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Book Review: Up Pompey by Chuck Culpepper

up pompey book Book Review: Up Pompey by Chuck Culpepper
By Atlanta Pompey

Up Pompey: A Clueless American Sportswriter Bumbles Through English Football by Chuck Culpepper; Orion Books(UK Only)

I think it is hard being a fan.

When I first heard about this book, I wanted to read it because it was about my team. After I read it, I realized that it was not about Pompey, but about the journey of a man from a trained, neutral observer of all things sports in America to a supporter of a team he’d never heard of playing a sport he’d hardly ever noticed.

Chuck Culpepper moved to London after getting married. Twice-nominated for the Pulitzer Prize, Chuck had become the London correspondent for his Los Angeles-based newspaper and was looking for stories. It was his ear that first brought his attention to Pompey. I can relate because the Pompey Chimes caught my attention as well.

The book is laid out chronologically. His journey begins near the end of the 2005-06 season as Pompey is struggling to avoid relegation. Known as “The Great Escape”, Harry Redknapp had returned from coaching the Scummers to save Portsmouth. They would go on to finish 17th, thus avoiding the drop. The passion of those fans caught Chuck Culpepper’s attention as he had never experienced American fans cheering for a team at the bottom of the table. His travels took him to several premiership matches, but it was always the Pompey fans that kept him coming back, either to watch Portsmouth on the road or to visit Fratton Park.

Who knew a blue bear could be so important?

Being an observant sportswriter, Chuck noticed a blue bear riding the train to Fratton Park. Okay, honestly, most of us would have noticed a blue bear. How could you not? After introducing himself, they spoke briefly and parted ways, except that you could spot him from across the stadium. Meeting him at several other matches, Chuck would go on to get adopted by this blue bear. This blue bear would teach him about the history and traditions of Fratton Park, the Pompey faithful, and most importantly how to handle a few beers in the pub before the match. It was this blue bear who would finally give him permission to use the word ‘we’ when referring to Pompey. Sportswriters don’t tailgate in America, but supporters in England must go to the pub before the match.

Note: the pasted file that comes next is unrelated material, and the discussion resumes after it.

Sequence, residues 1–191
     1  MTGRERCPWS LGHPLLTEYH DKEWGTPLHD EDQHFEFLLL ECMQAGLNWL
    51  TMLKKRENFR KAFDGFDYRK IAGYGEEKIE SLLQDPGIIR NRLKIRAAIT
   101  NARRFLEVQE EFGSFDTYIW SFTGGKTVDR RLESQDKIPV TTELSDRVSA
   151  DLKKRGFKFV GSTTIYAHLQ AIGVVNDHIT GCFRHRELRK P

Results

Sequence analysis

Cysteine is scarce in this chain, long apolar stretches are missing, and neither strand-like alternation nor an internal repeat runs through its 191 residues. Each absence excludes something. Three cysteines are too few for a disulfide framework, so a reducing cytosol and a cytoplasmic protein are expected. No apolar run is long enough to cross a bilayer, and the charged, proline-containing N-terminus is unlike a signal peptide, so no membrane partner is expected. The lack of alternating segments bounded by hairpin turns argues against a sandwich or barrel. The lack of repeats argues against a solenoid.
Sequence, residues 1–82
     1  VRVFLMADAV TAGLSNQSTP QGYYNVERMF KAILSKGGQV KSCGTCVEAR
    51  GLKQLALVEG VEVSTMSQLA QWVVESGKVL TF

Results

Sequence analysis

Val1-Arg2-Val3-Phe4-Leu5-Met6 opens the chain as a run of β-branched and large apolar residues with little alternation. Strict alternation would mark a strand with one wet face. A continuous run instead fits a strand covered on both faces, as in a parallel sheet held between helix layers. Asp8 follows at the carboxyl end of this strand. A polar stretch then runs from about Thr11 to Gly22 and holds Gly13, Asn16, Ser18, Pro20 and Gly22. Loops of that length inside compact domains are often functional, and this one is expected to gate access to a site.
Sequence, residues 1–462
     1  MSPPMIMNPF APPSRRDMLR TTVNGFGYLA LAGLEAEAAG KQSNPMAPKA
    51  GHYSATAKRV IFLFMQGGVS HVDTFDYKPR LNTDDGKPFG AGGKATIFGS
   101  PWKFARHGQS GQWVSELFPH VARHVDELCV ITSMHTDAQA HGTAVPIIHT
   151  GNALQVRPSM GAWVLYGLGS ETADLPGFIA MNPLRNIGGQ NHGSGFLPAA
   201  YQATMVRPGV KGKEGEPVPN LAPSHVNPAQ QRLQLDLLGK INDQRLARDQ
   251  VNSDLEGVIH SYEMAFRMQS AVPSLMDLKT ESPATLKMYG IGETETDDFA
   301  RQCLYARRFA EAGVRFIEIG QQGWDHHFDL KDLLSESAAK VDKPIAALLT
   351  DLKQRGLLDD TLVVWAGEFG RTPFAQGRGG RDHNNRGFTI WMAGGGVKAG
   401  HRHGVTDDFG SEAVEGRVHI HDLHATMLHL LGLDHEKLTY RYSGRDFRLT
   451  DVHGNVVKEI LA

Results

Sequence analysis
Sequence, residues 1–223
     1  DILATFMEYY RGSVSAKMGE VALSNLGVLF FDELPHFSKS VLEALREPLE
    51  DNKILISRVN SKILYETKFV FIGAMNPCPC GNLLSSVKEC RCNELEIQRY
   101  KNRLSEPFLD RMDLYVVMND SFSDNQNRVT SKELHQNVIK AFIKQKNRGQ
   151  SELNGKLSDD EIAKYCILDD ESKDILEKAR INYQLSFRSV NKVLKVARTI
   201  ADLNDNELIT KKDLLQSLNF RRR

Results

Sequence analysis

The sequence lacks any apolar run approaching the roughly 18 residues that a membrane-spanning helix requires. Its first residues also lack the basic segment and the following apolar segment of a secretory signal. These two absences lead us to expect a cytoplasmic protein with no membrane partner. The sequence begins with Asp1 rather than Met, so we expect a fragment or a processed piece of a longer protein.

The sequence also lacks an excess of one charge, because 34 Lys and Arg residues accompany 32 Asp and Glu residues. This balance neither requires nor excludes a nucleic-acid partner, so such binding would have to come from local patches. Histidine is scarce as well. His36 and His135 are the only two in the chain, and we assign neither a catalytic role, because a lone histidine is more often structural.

This book is aimed at the English Football Supporter that doesn’t understand how different sports are in America. As an American, it was fascinating to read his explanations of all the strange things we do in our sports. Comparing Manchester City and the Los Angeles Clippers is a great explanation, although as he points out, at least Manchester City has won something.

Written with self-deprecating humor, Chuck Culpepper’s bumbling adventure through the landscape of English football, from not understanding why he can’t walk up and buy a ticket to trying to figure out why someone would wear a blue bear suit not only to the match but to the pub before AND after a match, will show you just how we Americans view English football close up. What he came to realize was that he had missed all of the emotions involved in being a fan. That’s why it’s so hard to be a fan.

You can purchase this book on I highly recommend the book, giving it 8 chimes out of 8, two paws up(blue of course), and can’t wait for the American version due next spring.

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About Christopher Harris

Founder and publisher of World Soccer Talk, Christopher Harris is the managing editor of the site. He has been interviewed by The New York Times, The Guardian and several other publications. Plus he has made appearances on NPR, BBC World, CBC, BBC Five Live, talkSPORT and beIN SPORT. Harris, who has lived in Florida since 1984, has supported Swansea City since 1979. He's also an expert on soccer in South Florida, and got engaged during half-time of a MLS game. Harris launched EPL Talk in 2005, which was rebranded as World Soccer Talk in 2013.
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